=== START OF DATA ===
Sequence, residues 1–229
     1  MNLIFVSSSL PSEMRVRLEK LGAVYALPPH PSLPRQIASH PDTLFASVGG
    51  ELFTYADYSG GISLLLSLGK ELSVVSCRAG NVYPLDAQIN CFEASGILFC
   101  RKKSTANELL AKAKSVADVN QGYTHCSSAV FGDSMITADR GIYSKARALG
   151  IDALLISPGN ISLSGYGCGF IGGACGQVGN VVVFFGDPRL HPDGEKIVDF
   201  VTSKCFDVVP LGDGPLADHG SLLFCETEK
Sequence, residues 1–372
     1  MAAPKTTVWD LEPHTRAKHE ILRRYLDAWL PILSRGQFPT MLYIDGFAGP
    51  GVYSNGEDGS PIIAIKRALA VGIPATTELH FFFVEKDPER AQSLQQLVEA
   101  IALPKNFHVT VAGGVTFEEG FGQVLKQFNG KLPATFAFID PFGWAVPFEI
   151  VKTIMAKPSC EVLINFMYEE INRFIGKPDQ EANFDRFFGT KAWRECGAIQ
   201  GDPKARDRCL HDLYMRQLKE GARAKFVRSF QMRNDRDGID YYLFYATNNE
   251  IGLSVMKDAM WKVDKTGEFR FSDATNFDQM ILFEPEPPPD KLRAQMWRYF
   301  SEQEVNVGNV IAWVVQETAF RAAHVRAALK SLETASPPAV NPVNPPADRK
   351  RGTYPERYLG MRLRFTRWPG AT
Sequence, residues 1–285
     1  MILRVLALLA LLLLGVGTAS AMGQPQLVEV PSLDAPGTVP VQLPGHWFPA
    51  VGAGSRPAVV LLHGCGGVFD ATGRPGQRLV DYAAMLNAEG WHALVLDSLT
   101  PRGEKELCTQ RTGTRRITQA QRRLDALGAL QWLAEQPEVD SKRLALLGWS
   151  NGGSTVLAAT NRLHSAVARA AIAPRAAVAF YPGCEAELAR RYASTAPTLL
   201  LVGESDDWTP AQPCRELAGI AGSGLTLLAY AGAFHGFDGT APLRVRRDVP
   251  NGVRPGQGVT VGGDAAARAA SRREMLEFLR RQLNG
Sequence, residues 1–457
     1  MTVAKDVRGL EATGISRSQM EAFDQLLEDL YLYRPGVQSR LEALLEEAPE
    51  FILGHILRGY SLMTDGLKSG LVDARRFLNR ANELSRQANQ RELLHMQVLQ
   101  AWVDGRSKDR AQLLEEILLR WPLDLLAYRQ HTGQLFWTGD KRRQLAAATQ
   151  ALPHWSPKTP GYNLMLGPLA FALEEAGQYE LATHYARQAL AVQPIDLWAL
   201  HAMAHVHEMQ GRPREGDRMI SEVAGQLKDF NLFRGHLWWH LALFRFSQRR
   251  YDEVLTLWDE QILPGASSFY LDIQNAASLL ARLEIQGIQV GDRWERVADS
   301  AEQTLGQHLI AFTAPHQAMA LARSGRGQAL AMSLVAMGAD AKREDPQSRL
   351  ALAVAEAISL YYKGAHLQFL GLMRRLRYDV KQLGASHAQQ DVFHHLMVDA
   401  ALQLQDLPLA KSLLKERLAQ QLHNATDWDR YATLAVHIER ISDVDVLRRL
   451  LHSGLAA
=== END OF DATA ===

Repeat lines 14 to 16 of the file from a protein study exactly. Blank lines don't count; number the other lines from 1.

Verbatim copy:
   301  SEQEVNVGNV IAWVVQETAF RAAHVRAALK SLETASPPAV NPVNPPADRK
   351  RGTYPERYLG MRLRFTRWPG AT
Sequence, residues 1–285